One can never minimize the importance of an individual — even relative to an entire community. As a proof to this axiom, Yisro cited the following: “If not for the fact that G-d took interest in you as an individual, where would you be? “For I was merely a stranger in a foreign country” [the reason for Gershom’s name]. Furthermore, if not for the fact that G-d concerned himself with the individual… “For the G-d of my father was my Helper” [the reason for Eliezer’s name], there would be no Moshe Rabbeinu.

Thus, in a gentle and subtle fashion, Yisro is trying to remind Moshe never to forget the individual.

The Brisker Rav used to say that before any individual can contemplate trying to have an impact and influence on others, the members of his own family must first be taken care of and be spiritually in line. Kiruv (spiritual outreach), like charity, begins at home. When a person has internal problems in his own family, he cannot begin the task of straightening out the world.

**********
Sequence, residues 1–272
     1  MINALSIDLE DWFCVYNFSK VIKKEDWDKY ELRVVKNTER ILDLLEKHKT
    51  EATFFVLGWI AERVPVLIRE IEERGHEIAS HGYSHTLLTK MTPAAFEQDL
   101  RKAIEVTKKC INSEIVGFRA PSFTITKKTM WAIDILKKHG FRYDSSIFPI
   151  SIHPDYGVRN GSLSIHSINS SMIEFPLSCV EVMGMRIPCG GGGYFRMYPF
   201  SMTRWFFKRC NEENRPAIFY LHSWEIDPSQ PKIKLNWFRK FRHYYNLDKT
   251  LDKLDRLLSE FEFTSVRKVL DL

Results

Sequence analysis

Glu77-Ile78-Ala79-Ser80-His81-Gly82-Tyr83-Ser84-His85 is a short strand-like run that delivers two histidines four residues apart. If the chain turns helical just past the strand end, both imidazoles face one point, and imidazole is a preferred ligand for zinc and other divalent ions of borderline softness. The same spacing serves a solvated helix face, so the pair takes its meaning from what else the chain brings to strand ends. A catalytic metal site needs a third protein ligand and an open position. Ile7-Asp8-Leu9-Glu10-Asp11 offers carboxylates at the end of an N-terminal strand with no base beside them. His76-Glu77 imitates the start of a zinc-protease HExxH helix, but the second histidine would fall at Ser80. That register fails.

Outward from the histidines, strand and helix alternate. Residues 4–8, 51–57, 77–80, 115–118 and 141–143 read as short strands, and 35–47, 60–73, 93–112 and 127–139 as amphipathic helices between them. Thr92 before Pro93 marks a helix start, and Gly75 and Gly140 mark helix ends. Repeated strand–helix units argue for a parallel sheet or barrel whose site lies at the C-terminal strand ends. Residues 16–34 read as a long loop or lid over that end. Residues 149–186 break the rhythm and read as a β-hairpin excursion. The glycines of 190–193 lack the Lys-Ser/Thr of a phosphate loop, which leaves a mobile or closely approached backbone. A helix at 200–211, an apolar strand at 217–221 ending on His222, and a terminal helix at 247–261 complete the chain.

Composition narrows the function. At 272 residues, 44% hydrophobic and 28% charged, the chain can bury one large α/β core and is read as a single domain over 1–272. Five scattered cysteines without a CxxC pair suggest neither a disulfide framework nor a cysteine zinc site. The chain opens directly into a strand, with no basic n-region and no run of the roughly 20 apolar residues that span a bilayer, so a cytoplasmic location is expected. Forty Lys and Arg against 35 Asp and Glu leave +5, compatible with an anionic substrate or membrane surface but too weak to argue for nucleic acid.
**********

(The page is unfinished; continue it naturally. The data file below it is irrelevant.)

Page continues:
We learn this concept from Avrohom. In spite of the fact that he was the “influencer par excellence,” despite the fact that the doors on four sides of his tent were open to the world, he had to chase Yishmael away from his household. Why? Because as Sarah argued, and as G-d confirmed, Yishmael posed a threat to the integrity of Avrohom’s own household. Yishmael’s continued presence in that house could undermine Avrohom’s entire mission, and ability to influence his own family as well as others.

This too is what Yisro was hinting to Moshe: Do not forget the individuals – – especially those of your own household — even relative to the needs of the community.

Mitzvos On Opposite Sides of the Luchos Go In Opposite Directions